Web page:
King County’s West Point Treatment Plant is no longer in "emergency bypass mode" after experiencing equipment failure early Thursday morning, dumping wastewater and stormwater into Puget Sound.
The plant, located in Discovery Park in Seattle's Magnolia neighborhood, went into equipment failure around 2 a.m. Thursday, during the heavy rainfall and high tides which threatened to flood the whole plant. To prevent flooding that would severely damage equipment, the plant went into "emergency bypass mode."
As a result, untreated wastewater was discharged from the plant, about three-quarters of a mile offshore and 240 feet deep in Puget Sound.
Wastewater flows are now redirected back through the treatment plant and flows going to Puget Sound are disinfected.
King County has notified health and regulatory agencies and is sampling water quality. They are also posting signs warning people to avoid contact with the water over the next several days as a precaution to protect public health.
Read the full press release from King County:
King County’s West Point Treatment Plant experienced an equipment shutdown early on Thursday, Feb. 9, while receiving maximum inflows of combined wastewater and stormwater and during very high tides that threatened to flood the treatment plant. The plant is currently operating in emergency bypass mode until the equipment can be put back into normal operation.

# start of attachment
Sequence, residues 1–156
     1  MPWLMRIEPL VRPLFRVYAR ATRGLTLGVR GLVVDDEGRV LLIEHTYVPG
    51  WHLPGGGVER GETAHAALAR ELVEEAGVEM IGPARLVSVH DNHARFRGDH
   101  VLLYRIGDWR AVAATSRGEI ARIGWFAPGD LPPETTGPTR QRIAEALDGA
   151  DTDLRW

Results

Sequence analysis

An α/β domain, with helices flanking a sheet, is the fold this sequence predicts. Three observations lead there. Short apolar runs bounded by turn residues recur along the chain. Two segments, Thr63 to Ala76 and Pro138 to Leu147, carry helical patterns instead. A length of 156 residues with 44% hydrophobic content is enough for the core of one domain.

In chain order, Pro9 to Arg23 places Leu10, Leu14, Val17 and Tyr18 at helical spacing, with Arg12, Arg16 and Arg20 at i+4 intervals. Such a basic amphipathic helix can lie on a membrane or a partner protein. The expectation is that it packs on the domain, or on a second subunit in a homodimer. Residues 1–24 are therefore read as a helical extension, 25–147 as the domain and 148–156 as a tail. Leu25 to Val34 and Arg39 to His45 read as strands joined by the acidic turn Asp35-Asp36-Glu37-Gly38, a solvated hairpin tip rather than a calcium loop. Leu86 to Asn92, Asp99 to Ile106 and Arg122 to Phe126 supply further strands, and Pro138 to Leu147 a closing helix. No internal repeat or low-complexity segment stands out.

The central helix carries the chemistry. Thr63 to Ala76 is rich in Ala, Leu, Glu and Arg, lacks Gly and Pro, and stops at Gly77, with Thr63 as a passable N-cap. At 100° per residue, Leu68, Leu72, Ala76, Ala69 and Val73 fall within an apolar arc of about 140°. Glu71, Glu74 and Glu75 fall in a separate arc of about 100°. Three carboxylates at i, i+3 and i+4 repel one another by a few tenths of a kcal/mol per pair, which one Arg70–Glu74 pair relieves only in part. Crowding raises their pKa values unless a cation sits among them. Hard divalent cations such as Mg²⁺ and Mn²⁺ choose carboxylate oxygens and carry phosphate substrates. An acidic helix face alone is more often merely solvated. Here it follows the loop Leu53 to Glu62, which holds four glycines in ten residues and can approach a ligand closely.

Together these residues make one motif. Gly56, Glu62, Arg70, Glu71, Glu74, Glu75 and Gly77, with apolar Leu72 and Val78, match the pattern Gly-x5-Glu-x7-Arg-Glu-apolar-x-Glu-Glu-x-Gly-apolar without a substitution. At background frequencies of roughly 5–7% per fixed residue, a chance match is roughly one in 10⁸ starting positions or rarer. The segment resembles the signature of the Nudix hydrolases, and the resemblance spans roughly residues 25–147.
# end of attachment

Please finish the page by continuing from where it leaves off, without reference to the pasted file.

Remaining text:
West Point Treatment Plant is operating in emergency bypass mode as a result of an equipment failure that occurred at about 2 a.m. on Thursday morning, Feb. 9, during heavy rainfall and high tides. Crews are responding to restore operations.
To protect the treatment plant from significant flooding that could severely damage equipment, West Point is operating in emergency bypass mode. Untreated wastewater is being discharged from the outfall, about three-quarters of a mile offshore and 240 feet deep in Puget Sound.
King County will continue to provide updates as this emergency situation is resolved.
King County has notified health and regulatory agencies, and is sampling water quality and posting signs warning people to avoid contact with the water over the next several days as a precaution to protect public health.
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